The Algona Republican from Algona, Iowa on May 20, 1896 · Page 6
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The Algona Republican from Algona, Iowa · Page 6

Algona, Iowa
Issue Date:
Wednesday, May 20, 1896
Page 6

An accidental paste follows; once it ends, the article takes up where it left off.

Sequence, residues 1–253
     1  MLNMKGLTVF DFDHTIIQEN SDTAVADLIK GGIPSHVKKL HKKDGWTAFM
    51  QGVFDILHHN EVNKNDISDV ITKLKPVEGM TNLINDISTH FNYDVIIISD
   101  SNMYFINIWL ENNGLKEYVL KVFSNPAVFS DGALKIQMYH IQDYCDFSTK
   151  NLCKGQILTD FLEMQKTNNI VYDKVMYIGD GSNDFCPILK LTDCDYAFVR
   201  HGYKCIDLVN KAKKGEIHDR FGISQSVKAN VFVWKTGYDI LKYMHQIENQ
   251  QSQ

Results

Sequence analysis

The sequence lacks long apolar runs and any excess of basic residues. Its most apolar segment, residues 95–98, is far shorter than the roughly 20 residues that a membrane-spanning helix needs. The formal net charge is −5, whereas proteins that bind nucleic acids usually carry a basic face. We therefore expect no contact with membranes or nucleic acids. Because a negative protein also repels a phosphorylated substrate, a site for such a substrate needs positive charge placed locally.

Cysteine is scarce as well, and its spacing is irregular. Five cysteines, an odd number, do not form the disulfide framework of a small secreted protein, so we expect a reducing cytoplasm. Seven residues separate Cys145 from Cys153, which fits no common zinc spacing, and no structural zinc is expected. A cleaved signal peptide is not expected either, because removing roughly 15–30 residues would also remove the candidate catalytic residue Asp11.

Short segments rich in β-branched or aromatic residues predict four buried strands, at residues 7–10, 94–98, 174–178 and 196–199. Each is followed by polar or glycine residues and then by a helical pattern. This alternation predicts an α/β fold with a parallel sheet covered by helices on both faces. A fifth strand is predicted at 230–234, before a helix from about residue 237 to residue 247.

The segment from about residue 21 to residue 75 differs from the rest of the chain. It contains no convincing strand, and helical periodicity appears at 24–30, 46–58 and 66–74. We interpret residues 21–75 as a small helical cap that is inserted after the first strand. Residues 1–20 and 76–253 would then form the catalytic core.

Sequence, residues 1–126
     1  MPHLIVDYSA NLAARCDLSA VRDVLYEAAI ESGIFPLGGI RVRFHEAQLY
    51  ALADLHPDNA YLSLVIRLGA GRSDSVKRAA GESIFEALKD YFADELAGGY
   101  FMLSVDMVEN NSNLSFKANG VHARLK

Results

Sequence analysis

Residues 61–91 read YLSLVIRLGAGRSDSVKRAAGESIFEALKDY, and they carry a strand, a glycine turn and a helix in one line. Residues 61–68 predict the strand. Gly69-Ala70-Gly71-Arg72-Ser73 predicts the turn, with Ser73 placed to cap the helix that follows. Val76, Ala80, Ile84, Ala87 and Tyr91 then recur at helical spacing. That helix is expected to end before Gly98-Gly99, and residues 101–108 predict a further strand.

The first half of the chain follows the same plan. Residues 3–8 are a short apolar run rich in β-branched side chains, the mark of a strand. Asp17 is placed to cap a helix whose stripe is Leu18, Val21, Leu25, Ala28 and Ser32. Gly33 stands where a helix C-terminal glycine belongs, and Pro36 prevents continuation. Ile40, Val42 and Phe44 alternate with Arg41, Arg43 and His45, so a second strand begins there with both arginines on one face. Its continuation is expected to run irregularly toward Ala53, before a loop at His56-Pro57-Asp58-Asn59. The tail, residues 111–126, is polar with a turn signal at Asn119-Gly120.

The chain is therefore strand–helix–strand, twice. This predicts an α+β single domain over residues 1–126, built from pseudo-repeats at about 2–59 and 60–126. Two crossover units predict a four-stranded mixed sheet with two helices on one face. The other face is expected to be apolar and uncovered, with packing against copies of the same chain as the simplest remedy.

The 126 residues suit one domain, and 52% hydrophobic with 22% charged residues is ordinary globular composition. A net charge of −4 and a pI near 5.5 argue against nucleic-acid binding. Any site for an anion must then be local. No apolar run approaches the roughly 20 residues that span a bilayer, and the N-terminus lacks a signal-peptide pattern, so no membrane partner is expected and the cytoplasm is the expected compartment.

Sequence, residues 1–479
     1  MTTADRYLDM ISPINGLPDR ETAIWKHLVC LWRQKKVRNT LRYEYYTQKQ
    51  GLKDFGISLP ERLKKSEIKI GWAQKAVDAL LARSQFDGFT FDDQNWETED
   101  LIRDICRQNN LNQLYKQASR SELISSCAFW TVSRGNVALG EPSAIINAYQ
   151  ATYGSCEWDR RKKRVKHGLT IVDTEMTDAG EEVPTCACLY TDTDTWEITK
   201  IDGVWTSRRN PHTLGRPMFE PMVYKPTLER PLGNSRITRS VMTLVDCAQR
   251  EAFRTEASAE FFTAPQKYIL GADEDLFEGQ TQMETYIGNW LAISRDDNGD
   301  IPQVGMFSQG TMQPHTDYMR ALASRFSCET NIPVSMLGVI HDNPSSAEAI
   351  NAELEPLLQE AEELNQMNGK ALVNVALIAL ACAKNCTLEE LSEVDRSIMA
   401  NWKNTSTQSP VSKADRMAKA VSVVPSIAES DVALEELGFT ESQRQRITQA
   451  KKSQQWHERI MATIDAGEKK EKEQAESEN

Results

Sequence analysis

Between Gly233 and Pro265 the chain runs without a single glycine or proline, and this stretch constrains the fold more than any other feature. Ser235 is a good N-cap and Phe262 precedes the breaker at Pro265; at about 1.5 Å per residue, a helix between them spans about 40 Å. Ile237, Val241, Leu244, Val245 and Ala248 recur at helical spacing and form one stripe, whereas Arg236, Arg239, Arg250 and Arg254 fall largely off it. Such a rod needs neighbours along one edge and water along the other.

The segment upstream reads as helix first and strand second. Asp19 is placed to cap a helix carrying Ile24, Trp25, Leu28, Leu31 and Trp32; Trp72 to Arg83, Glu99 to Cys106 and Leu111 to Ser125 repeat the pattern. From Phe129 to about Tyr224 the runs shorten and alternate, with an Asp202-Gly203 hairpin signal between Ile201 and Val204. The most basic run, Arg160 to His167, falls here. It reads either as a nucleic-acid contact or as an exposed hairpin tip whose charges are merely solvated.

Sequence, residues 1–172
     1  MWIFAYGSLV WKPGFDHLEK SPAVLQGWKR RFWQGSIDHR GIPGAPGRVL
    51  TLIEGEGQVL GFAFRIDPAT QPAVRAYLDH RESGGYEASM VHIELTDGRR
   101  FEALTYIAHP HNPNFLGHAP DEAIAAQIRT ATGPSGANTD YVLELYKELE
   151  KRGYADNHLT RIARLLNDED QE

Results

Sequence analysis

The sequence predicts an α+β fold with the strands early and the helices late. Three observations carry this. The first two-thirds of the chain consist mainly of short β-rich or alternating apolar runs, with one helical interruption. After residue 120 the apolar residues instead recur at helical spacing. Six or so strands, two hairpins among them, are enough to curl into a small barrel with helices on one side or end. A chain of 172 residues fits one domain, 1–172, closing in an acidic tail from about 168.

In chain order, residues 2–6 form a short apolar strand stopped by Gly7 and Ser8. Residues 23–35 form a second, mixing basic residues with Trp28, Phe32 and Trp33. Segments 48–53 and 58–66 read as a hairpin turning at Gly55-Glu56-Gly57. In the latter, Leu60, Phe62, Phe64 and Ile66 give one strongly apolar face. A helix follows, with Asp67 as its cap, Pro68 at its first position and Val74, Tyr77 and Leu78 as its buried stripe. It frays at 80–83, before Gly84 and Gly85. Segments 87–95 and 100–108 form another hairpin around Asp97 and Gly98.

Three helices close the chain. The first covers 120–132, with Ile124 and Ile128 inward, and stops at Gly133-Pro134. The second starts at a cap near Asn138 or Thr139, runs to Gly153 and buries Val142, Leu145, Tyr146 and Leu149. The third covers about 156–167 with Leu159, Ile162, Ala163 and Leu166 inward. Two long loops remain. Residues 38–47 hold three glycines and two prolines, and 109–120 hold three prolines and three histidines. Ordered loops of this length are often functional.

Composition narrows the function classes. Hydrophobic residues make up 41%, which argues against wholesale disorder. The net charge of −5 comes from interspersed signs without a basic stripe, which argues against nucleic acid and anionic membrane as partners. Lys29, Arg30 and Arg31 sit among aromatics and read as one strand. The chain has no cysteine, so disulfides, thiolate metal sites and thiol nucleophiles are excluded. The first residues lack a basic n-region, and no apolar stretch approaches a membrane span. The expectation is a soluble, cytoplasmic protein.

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THE RUSHFOR LANDS SCRAMBLE FOR CHOICE SECTIONS ON RED LAKE RESERVATION. Severn! Thousand Settlers on Hand When the Knee for Homes HeRitn—Business ftt Craokstou Lnnd Office Fell Much Bolotv Expectations. THIEF RIVER FALLS, Minn., May 16,— The rush for the Red Lake reservation is over. The reports from the lands opened are to the effect that considerable excitement at the line was witnessed at the opening hour, About 600 started in the race despite the rain of the clay previous. It is nlso reported that difficulty was had between settlers on the same land. Two men are reported dead and another dying from bullet wounds. These reports have not- been fullv verified Rains have ren- THE RED LAKE BESEnVATION. derecl roads almost impassable and it is difficult to ascertain any correct facts. A long string of teams left here about 1 n. m., loaded with lumber and provisions, expecting to reach the line at the opening hour. The success of the Crookston people to convince home- seekers that- first filing woiild prevail over first settlement had the effect to keep large crowds at the land office. After the rush there will be plenty of good land left and a constant influx of settlers is expected during the coming summer and fall. NOT UP TO EXPECTATIONS. Only One Hundred and Forty Claims Filed at Crookston. CROOKSTOX, Minn., May 16.—The rush at the land office, while large, did not meet expectations. Many stood in line, and when they reached the plat- books found that their claim had been taken. Some of the more valuable ones had been asked for by as high as 10 applicants. Many times no second choice had been made ; only one set of papers were ready for the offering. The result was that the number in line was far in excess of the number of filings. On hundred and forty claims were filed. It is believed the coming week will see several days when a larger number will be offered by those who thought best to trust to priority of settlement, ) Big Rush nt Fosstoii. FOSSTON, Minn., May 16.—The day was an ideal one for land takers, who were gathered on the west line of the reservation to the number of 2,000. No reports have been received as to the incidents of the rush. More white capped wagons arrived from the south during the morning than in any day since the proclamation of the opening was issued. BIG STRIKE THREATENED. Federation of Brotherhoods to Tie Up the Missouri, Kansas and Texas. ST. Louis, May 10.—A special from Dcnisou, Tex., says: Tho most serious strike ever known in tho Southwest is threatened. The grievance committee of the Brotherhood of Locomotive Engineers who wcnl to lay the case of Engineer William Lannms before the Missouri, Kansas and Texas officials, have returned. Tho officials refused to reinstate Lannms, and the committee- entered into a federation with all the orders of trainmen, six in number, and the cause has been federated. SPANIARDS POWERLESS. Have Lost the Power to Protect Life and Property in Cuba. LONDON, May 10.—The Times publishes a 8-columii letter from a correspondent in Havana, under date of May 2. In tho course of the letter this correspondent says: It is quite useless to hide the real situation. The whole island is in revolt and the Spanish troops are merely acting on tho defensive. It is impossible that they can prevent the landing of supplies and war materials for the rebels. Even the position of Maceo's forces, confined in Pinar del Rio, is not of a desperate nature, as the Spaniards make believe. Only a few isolated rebels have taken advantage of Captain General Weyler's offer of amnesty. Spain has lost the power to protect life and property in Ouba. WHEAT A TOTAL FAILURE. Insect Pest and Drought Ravaging Spanish Crops. WASHINGTON, May 17.—In addition to the severe drain of resources caused by the Cuban rebellion, the Spanish people now have to face an almost total failure of the wheat crop owing to drought and insects. Consul Burke, at Malaga, writes to the state department that the new insect pest, as destructive to wheat as the phylloxera is to the grape, has ravaged the crops in several provinces. The poor are suffering much. HAS BROKEN ALL TREATIES. The Spanish Goveviiiuent Addresses » Note to the 1'owers. MADRID, May 10.—It is stated that the Spanish 'government, iu a circular note to the powers regarding the attitude of the United States towards Cuba, has taken the position that while Spain has scrupulously observed all treaties, the United States has infringed all conventions. 2. Schooner Sunk iu Collision. CHICAGO, May 17.—The schooner Jlary D. Ayer was sunk in collision with the steamer Oookee in Lake Michigan* and five members of her crew were WflAT CONGRESS Id DO: Monday, Mfty ii. The house devoted most of the day to District of Columbia business. The California deep water project has aroused Intense feeling In the senate. Some of the senators allege It Is not more nor less than a scheme to give C. P. Httnt- Sngton $3,000,000. Tuesday, May 12. Tho senate disposed of tho California deep water harbor row by adopting an amendment providing for a board which is to decide upon the best place for the harbor. The house considered election contest cases Wednesday, Blny 13. Tho housc.aftcroucof the hardest fought parliamentary battles of the session,which continued until almost 9 o'clock at night, recommitted the contested election case of Roiuaker vs. Downing, from the Sixteenth Illinois district, to tho committee on elections, with instructions to recount the ballots in dispute. The Republicans were very much divided on the question. Tho senate passed the river and harbor bill, carrying tv total of 070,000,000, all but 812,000,000 of which is under the continuing contract system. Thursday, May 14, The Dupont cnse, Involving tho right of Henry A. Dupont to a seat In tho seriate from the state of Delaware, was taken up iu tho senate and occupied most of the day. Two speeches against the bill proposing additional restrictions on immigration were made by Mr. Gibson (Dem., Md.) and Mr. Nelson (Rep., Minn.) early In the day. The house passed 58 pension bills. The river mid harbor bill was sent to conference. Friday, Mtty 15. By a vote of 31 to 30 the senate determined that Henry A. Dupont was not entitled to a scat in senate f J-.MU the state of Dclcwnre. Senator Stewart of Nevada voted with the Democrats and Populists against Dupout. The scat remains vacant. The house passed 100 pension bills, leaving 00 undisposed of. Saturday, May 10. Mr, Morgan addressed the senate on the Cuban question, speaking to the resolution presented by him Friday. He made an earnest protest against Spanish methods in Cuba. WALKER ISSUES A WARNING. O. A. B. Posts Must Not Engage In Political Work. INDIANAPOLIS, May 16.—Commander- in-Chief Walker, from the headquarters of the national G. A. R., calls attention to the fact that some posts have been engaged in political work and some officers have been using their official positions to further the interests of certain candidates. Among other things the order says: "The country is entering upon a season of political excitement wherein partisans will try to exert every influence for their friends. Such action and violation of our rules and regulations, if permitted to go unrebnkccl, is liable to breed dissensions in our ranks, and the good of the order demands that it be discontinued." LOCHREN IS JUDGE. Pension Commissioner Xiunocl to Succeed Xclsoii, Resigned, WASHINGTON, May 16.—The president has sent to the sentate the following nominations: Justice: William Lochren of Minnesota tc be United States district judge for the district of Minnesota, vice R R. Nelson, resigned, Interior: Doniiuick I. Murphy of Pennsylvania, now first deputy commissioner of pensions, to be commissioner of pensions, vice William Lochron, resigned ; Napoleon J. T. Dana of New Hampshire, to be first deputy commissioner of pensions, vice Domiuick I. Murphy, nominated for commissioner of pensions Half of Blue Island Himieil. CHICAGO, May 18.—Nearly half the business portion of the suburban town of Blue Island was destroyed by fire during the day. Altogether 20 buildings were consumed entailing a total loss of about §150,000. LATEST MARKET KEPOET. Minneapolis Grain. MINNEAPOLIS, May 18. 1893. WHEAT - May closed, (iOc; July, 60c; September, OOJ£c; No. 1 hard, 61}^o; No. 1 Northern, QOiic; No. 2 Northern. Uiiluth Grain. DULUTH, May 18, 1890. WHEAT— Cash, No. 1 hard, 03>ic; No. 1 Northern,01%c; No.3 Northern,59@59%c-, No. 8 spring,^ 58@57c; rejected, 58@ 54c; to arrive, 04%c; No. 1 hard, 62%o; No. 1 Northern, Ol^c; July No. 1 hard, 03Xc; No. 1 Northern, 62J St. Paul Union Stock Yards. SOUTH ST. PAUL, May 18, 1893. HOGS— Market steady; quality pretty good. Range of prices, §3.00@3.25. CATTLE— Not enough to make market Good demand for butcher cattle. SHEEP— Market steady; no receipts. Elgin Butter Market. BUTTER— Steady. Offerings, 70,320 Ibs.; withdrawn, 14,910 Ibs.; sales, 0,900 Ibs. at lo^c., 37,080 Ibs at 16c. Chicago Union Stock Yards. CHICAGO, May 18, 1896. HOGS— Market fairly active. Prices firm to 6c higher. Sales ranged at $3.25@3.45 for light; I3.25S8.85 for mixed; $8.05@3.-13^ for heavy; 83.05@8.45 for rough. CATTLE— Market fairly active and generally 10@15c lower, Sales ranged at £3.45@4.40 f or beeves; fl.60S3.85 for cows and heifers; J3.75@4.05 for Texas steers; $3.90@3.10 for stackers and feeders. SHEEP— Market active and prices 10@ loc higher. Receipts: Hogs, 32,000; cattle, 21,000; sheep, 10,000. ___ Chicago Graiu and Provisions. CHICAGO, May 18, 1896. CLOSING PRICES. WHEAT — May, 61J<c; June, 63o; July6S%@03^c; September, G3#o. COBN-May, 88^0; July, 29M@29%o; September,, 80Ji@80^o. OATS-Mtiy, 19o; July, 19%c; September, 19%@19%o. PORK-May,\ |7.0S>i July,|7.70; September, GOOD MILK TANK,".- Uomc-lUadc Device That Can tie Used With or Without Jcc. Some one asked for plans for a homemade milk tank or creamer for six or eight cows, to be used wit.h or withxmt ice. t describe one that we. have used with good satisfaction with water only. It is simple, convenient, durable and cheap. Any kind of cans can be used. Com* nion cans, holding-14 quarts, can be hod of a tinner for about 75 cents, with cover. Have them made to order, with u rlnnpfe all around the bottom a,nd a bail like a pail to lift by. A round can of this description, sy a inches in diameter and 15 inches deep, will hold about 3y a gallons. It is a nice s,i^e, convenient to handle, and in my judgment preferable to an oblong- can. To accommodate four cans of this s'ize the tank ought to be about 44x18 inches inside, and 18 inches deep. By making it 20 inches longer it will hold two extra cans, and it will be a good place in which to keep the cream cans in hot weather. The additional cost will be but little. The tank can be made of two-inch material, well fitted and ftrrnjy bolted; it can be made of lighter botutls and lined with galvanized iron. It should have tight-fitting hinged cover, and if unprotected from the direct rays oC the sun, the cover ought to be do:;' <'r, wj l.h nn air space between. The tank should be placed near the pump, and iio connected with it by a thi>&e-quartcr-inch pipe, or larger if the tank is much larger. The pipe should enter the pump about 18 inches below its discharge spout, and should enter the tank at the top. Every time the pump is used there will a gallon or more flow into the tank, depending upon the bore of the pump, the size of the pipe and the length of time the pump is used. The hotter the weather, the more pumping is done, as a rule, and the cooler the water will be kept in the tank. The tank must have an outlet at the opposite end from which the feed pipe enters, and a little larger than the feed pipe. This outlet must be about two inches lower than the top of the cans. The water should always be a little higher than the milk. If it is possible to utilize the waste water for stock it should be done. It will save that much extra pumping. In our case it is conveyed through an underground pipe (G) into the barn basement, into a tank, and used for the horses as needed. In the diagram, the water enters the tank through the feed pipe(F). The overflow escapes through the discharge pipe (D) into the funnel (C). E is a faucet for empt.ying the tonic, which we sometimes lind necessaiy in hot weather, when more water is needed in the stable. The tank is then refilled with fresh water. In case we wish to pump direct to the stable, the pipe is closed at E, in the tank, the funnel removed, and the pipe closed atC. The water is pumped into a reservoir or trough at A, and finds its way to the stable through the under-ground pipe (G) independent of tho tank. Where this plan can be adopted it will be found very satisfactory, but can only be used where the tank is higher than the stable.—Ohio DAIRY SUGGESTIONS. In sterilizing their milk the Freaich dairymen heat it to 170 degrees Fahrenheit. The French dairy interests are being troubled by an adulterant called vege- tuline, an oil manufactured from nuts. This vegetable oil is mixed with butter by the merchants. By the ruling of the government authorities having the matter iu charge, the name of butterhie is abolished, and all such products are henceforth to be known as oleomargarine. After a person has learned to make good butter, the next thing is to get a good market for it. Generally the print will help to do this and to hold the market after it is obtained. We advise all of our butter makers to make their business a science. Just now %he market is stocked with poor goods, for which there is little demand. For the better grades there is always a sale. Keep your temper when with the cows. Be a gentleman, even in the barn. True gentility extends even to the brute creatioji. Make up your miud before the cow kicks that you will hold your temper.—Farmers' Review. Temperature Dominates tlio Dairy. All of the trouble that so many experience in getting- butter to come is due to some mistake in handling the cream. It is neither not ripe or overripe, or if properly ripened, it is too warm or too cold; or, again, it may be that there is too much in the churn. The Jersey Bulletin says that temperature is the law that dominates in the dairy; it governs in the setting of the milk, in the ripening of the cream and in the churning, in the making and packing of butter as well. The only index of temperature upon which the butter-maker can rely is the thermometer, and the butter-maker without a thermometer is as bad off as a mariner without a compass. Use a thermometer and know when your cream'is too hot cr too cold. A WdifcAfi'B !>«Sci»lpH6fl tff a ftfttt Picturesque Structure. It is the ambition of all good buttef makers to possess the best conditions possible for- the manufacture oi the snme. Cellars are often lacking' in the necessary qtiajlocations for the making* of prime butter, either from defective drainage- or ill ventilation, and IhcHiffi* ctilty or impossibility of keeping milk antl vegetables in juxtaposition -Without impairing- the flavor of the cream and butter. Butter making in the kitchen also has its disadvantages. We offer a suggestion in the accompanying- illustration of a way out of the difficulty by utilizing tbe loose stones witih which many farms are strewn, and which every year have to be removed and are generally piled around stumps, or carted and dumped in some out-of-the-way nook. A picturesque du.iryhouse may be made out of these stones. The house may consist of one room, or the rear may be used as an icehouse—a very desirable appendage to a dairy. The building should not be near any outbuildings containing stock, and should be shaded if possible. No cesspools should be neatr a dairyhouse. If an icehouse is not practicable, then the house may be partitioned and one part, used for a cheese room. If wanted for winter dairying o>r cheese rnauufac- ture, an old-fashioned fire? lace, or stove, will be needed. The windows are to be provided with screens in summer. A long- table will be needed, besides shelves, and the floor should be paved with stone or brick. Here all \he work connected with the dairy can be done, from creaming- to packing for market. If a stream of water can be conducted into the house then the labor will be very much lessened; and if possible, the dairyhouse should be situated near a well or stream, of water.—Mrs. A. C. McPherson, in Country Gentleman. KEEPING COWS CLEAN. Just Before Milking Is the Best Time for Grooming. If one-half is true that the scientists tell us about the extreme susceptibility of milk to taints and disease germs, the importance of keeping- cows clean cannot be exaggerated. Assuming that, for their own comfort, and for the sake of keeping the milk claen, the cows are to be brushed and groomed, where and -when sihall it be done? If in the stables where they are to be milked, then the atmosphere of the stables must soon become loaded with the dust and dirt, brushed or curded from the cows, and the milk in more likely to be contaminated than if the ftltih had been allowed to stay 011 the cows. The practice in good horse stables is to take the horse out of the stall for grooming. The cow needs grooming- more than the horse, and in the opinion of the Jersey Bulletin, it is of vastly more importance to who arc to drink her milk. Certainly, then, the cow is entitled to as much pains, as the horse, and should be groomed in. a separate place from that in which she is milked. For this purpose, an open shed is perhaps best. As a practical test of the value of grooming cows, we suggest that those who doubt it, make a fair trial by carefully weighing- the milk of two or three cows for three weeks or 30 days without grooming- them, and then, grooming them thoroughly for the same time, note if there, is any perceptible difference that can be fairly attributed to the grooming. That the cows will feel better, look better and really be better off, we have not the least doubt. As to tihe time for grooming, it has been found that just before milking is the best. Very Profitable Combination, There is great profit in a wise combination of the swiroe and cows. There is much waste of milk which cannot be used on the farm in any other -way. The milk adds variety to the food of the hogs and tends to afford a balanced ration. No food is more palatable to the pigs than milk. A vigorous digestion is promoted and a disposition to take on flesh is extended. For shoots the sour milk is especially appropriate. In the estimation of some practical feeders whose conclusions are to be respected, the acid in the sour milk for the older pigs—those more than four months old—is paa-ticularly valuable and equivalent to using cooked food in many instances.—Western Rural. The Coat of Bogus Butter. We have often baen asked what profits tbe dealers realized' on the sale of oleomargarine, but no definite or positive reply could be given for the very reason that it has been difficult to get at the facts from the manufacturers. Dairy Commissioner Van. Valkenburg, of New York, has been looking into this matter, and he gives the following formula, together with cost: Twenty- four pounds of leaf lard, g? pounds of oleo oil, 12 pounds of cottonseed oil, 0 pounds of salt, 18 pounds of milk. This will make 100 pounds of oleo, wliieh costs $5.91, and ^jvholesales at from 10 to 20 cents per pound,—Farmer's Voice, Where Many Mistakes Are Made. Cows that produce from two to three pounds of butter pex day are high, but the farmer can raise his own cows and gradually reach the limit attained if he will use only pure-bred sires. As long as farmers buy their cows instead of raising them they will never improve, unless they know just what they are procuring. Unfortunately, whfn a farmer desires a fresh covr he buys any kind, provided it has recently calved, and that is where he makes his greatest mistake. id fce tho tfftileit And Strongest Mftfi In iSaattitt fttfilnfc. John Morinrty, known nil over cast ern Maine ns "Barney Kelley's Giant, died in Oldtowji hospital recently o typhoid fever, says the Lewiston Even ing Journal He has been for near! two years employed ns construetio] hand on the iltttigor' & Aroositook roil road, and later oc. .the' new Ashlanc branch, where he became sick, Morirti'ty stood 8 feet 9% inches h his stocki-ag ieefe, and general!} weighed 240 pounds. Had he, been fa his weight would iiave been enormous But he was very lean. "Why," eait Barney Kelley, "you could feed th giant on porterhouse steak and eggs and he wouldn't gain a pound; but he was an awful tough man!" His arms were very long and he hac hands as powerful as the paws of o gorilla. All over his body the muscles stood out in lumps a.nd cords, n.nd his strength was immense. He could do a? much work as two ordinary men, and on that account his services were nl ways in demand at more than common wages. He was especially serviceabl as a derrick man—he could turn the heavy crank all day without tiring An ax was like a toy in his hands, a cant-dog like a walking-stick. He coulc up end and shoulder a small log or piece of timber that two ordinary men coulc barely lift, and in every department of hearty manual labor he was a verj Hercules. Many stories are tohl of the giant's mighty strength. Once, when two saucy woodsmen "guyed" him about his towering height, he seized them by the shoulders, one in each hand, and knocked their heads together till their teeth rattled—and they were two good- sized men. At another time some toughs came into a, barroom where he was and proceeded to "clear the place out." Moriarty tool: them, two at a time, and pitched them half way across the street as though they were so many ninepins. HARD TUSSLE WITH BRUIN. Oregon Hunter Attacks a Rear with an Ordinary Jiiekknlfc. J. C. Hearing, who was hunting and trapping in the Blue mounta.ins. a few miles west of Elgin, met with a little adventure with a bear recently that might have proved rather serious to him had it not been for the intervention of one of his dogs, says the Portland Oregonian. He was engaged in setting traps, and aa he had considerable weight to carry he had no weapon with him except a jackknife, and on his rounds his dogs discovered the winter quarters of a bear in a big hollow tree.. The bear was at lome, and was pretty much alive, as subsequent events proved. As bearpeltsare quite valuable, Jake, was quite anxious to secure this one, but was afraid that if he went to camp, a mile and a half distant, bruin would escape, so he lashed bis pocketknife to the end of a stick and attempted to cutthe animal's throat. He only succeeded in inflicting some painful flesh wounds, which so enraged the brute that it suddenly came out of its hole, and was almost on him when one of his dogs made a sudden onslaught on the animal's rear, which diverted his attention lon,g enough to enable Jake to dodge behind a tree, and the dogs soon made it so tropical for the bear that it was glad to take refuge in a tree, where they kept it until a gun was procured from camp, when the animal was quickly dispatched. "FORM" IN BICYCLING. How Society People Go a AVheoIlng—At- tending Grooms and Maids. The "form" of bicycling is beginning to be studied. Grooms on wheels must follow their mistresses as they did on horseback; it is probably only .a question of a short time when the lady's inaid will have to include wheeling with her other accomplishments to secure a situation. On the road the woman who wishes to ride a la mode has to know a number of little things that are overlooked by another woman, just as the smart set have a code for riding and driving that is as inexorable as that, they should not eat with their knives or put sugar on oysters. Society insists on an upright position, with, of course, no attempt at racing pace. It also frowns upon constant ringing of the bell—that will do for the vulgar herd who delight in noise; the well-informed wheel woman keeps eyes and ears alert and touches her bell rarely. Nest of Clock Springs, In the Museum of Natural History at Sole'ure, in Switzerland, there is a bird's nest made entirely of steel. There are a number of clock-making shops at Soleure, and in the yards of these there are often found lying disused or broken springs of clocks. One day a clockmaker noticed in a tree in his yard a bird's nest of peculiar appearance, Examining it, he found that a, pair of wagtails had built a nest entirely of clock springs. It was more tihan four inches across, and perfectly comfortable for the birds. After the feathered architects had reared their brood, the nest was taken to the museum, where it is preserved as a- striking illustration of the skill of birds in turning thejr-sur* loundings to advantage in building their nests. The White Feather, The story (runs that, during a war be* Iween the backwoods settlers of North America and the natives, a Quaker feasted the enemy and placed a white feather over the door of his house as a sign of amity. The token was respected. Hence the phrase: "Showing the white feather," which has come to mean cowardice. A Tool for Thieves. Thievesnare using % contrivance looking like an ordinary walking stick, but which is so arranged'that by pressing a spring at the handle tbe few ale will spread apart and form » sort of spring clip that will take hold of anythin is within reach, 'Tbe tbingr 19 "th«? coutluenttU A Written Guarantee goes with them, t i akers, Superior Cookers, Powerful Heaters. Tlma Savers, Money Savers, Trouble Savers. Ask' for Peninsular and take no other. Sold by C. M. DOXSEJB. THE * Minneapolis & St, Louis R, R, Co, -£ NgW TRAIN TO ST. PAUL AND MINNEAPOLIS. IT is A HUMMER; *MBMKM*MMH^MnnMaMsnMMMIHnHHMn*MMaMMHMm>3 LOOK OUT FOR IT I THROUGH CARS. PULLM A N S & COACHES. GREAT I The previous complete service will not bo disturbed by the addition of this train. Ask your nearest M. & St. L. It, 11, ticket tig-ent for rates and particulars. A. B. CUTTS, Oen'l Ticket & Pass, Agt. THE NEW GULF ROAD. Great many people are looking for homes. Remember, that tho south is attracting more people than any other country; because it is a rich and iiivitins? field, both for the poor and rich, as it oilers homes to the homeless and safe and (.profitable investments to the capitalist. Nowhere are there more opportunities than along the Kansas City, Pitt" _ , p now building on an air lino from, Kansas City to Port Arthur, the new Deep-water, Gulf Coast City. This road has opened up 800 miles of new GO comprising the finest farming and fruit country in Southwest Missouri and North west Arkansas; peach strawberry and cot;on lands in central and Southern Arkansas; and rice, sugar cane, orange and semi-tropical fruit lands in Southern Louisiana, and Texas. Tho road penetrates vast forests and rich mineral l?clds ind opens up to settlement millions of aces of wild and government lands in a lountry possessing a mild, healthy climate, pure springs and running streams, and which is free from droughts, blizzards, severe winters, and where a :reat variety of crops can bo grown. An ight pago paper, illustrated pamphlets, giving valuable information to homoseck- ors and investors will bo mailed free by addressing F. A, HOENBEOK, Laud Commissioner, 7th and Wyandotto Sts.. KANSAS CITY, Mo. J fi •*•* Pi" 1 * (1) & oe»^55 ! 2 S^jw a,. U< u ttlsft BS *aa!;!! 3^ •sll^ll W . Hd^e/Sot B'-^&K'i. •H 3«!.a," s.b < oovcfl^ r S'o; SALESMEN WANTED. ushing, trustworthy men to represent U9 il the sale of our Choice If ursery Stock- Specialties controlled by us. HJghest 8.aU" try and commission paid weekly. Steady mpjoyment the year round. Outfit free; xclusive territory; experience not neces- ary; big pay assured workers; special in- ucemcnts to beginners. Write at once for larticulars to ' 20-3!) NURSERY QO-, ROCHESTER, N< Y. JOT TO COTOACTOJiS, Notice is hereby given that sealed bids OF the erection of a four-room school uilding in the Independent District of vlgona ^yi^ bo received by C, M, Doxsee, ecretat'y, up to June 13th, i89fi, at 13 'clock noon, at which time saifl bids will e opened, Plans and specifications for tie above work will be OB file at the sec- etary's offce after May 37th, \yhere the- ame can be inspected. The right Is re- erved to reject any aed all bids. 33-36 B. B. BUTLER, C. M. DOXSJJE, President. Secretary. I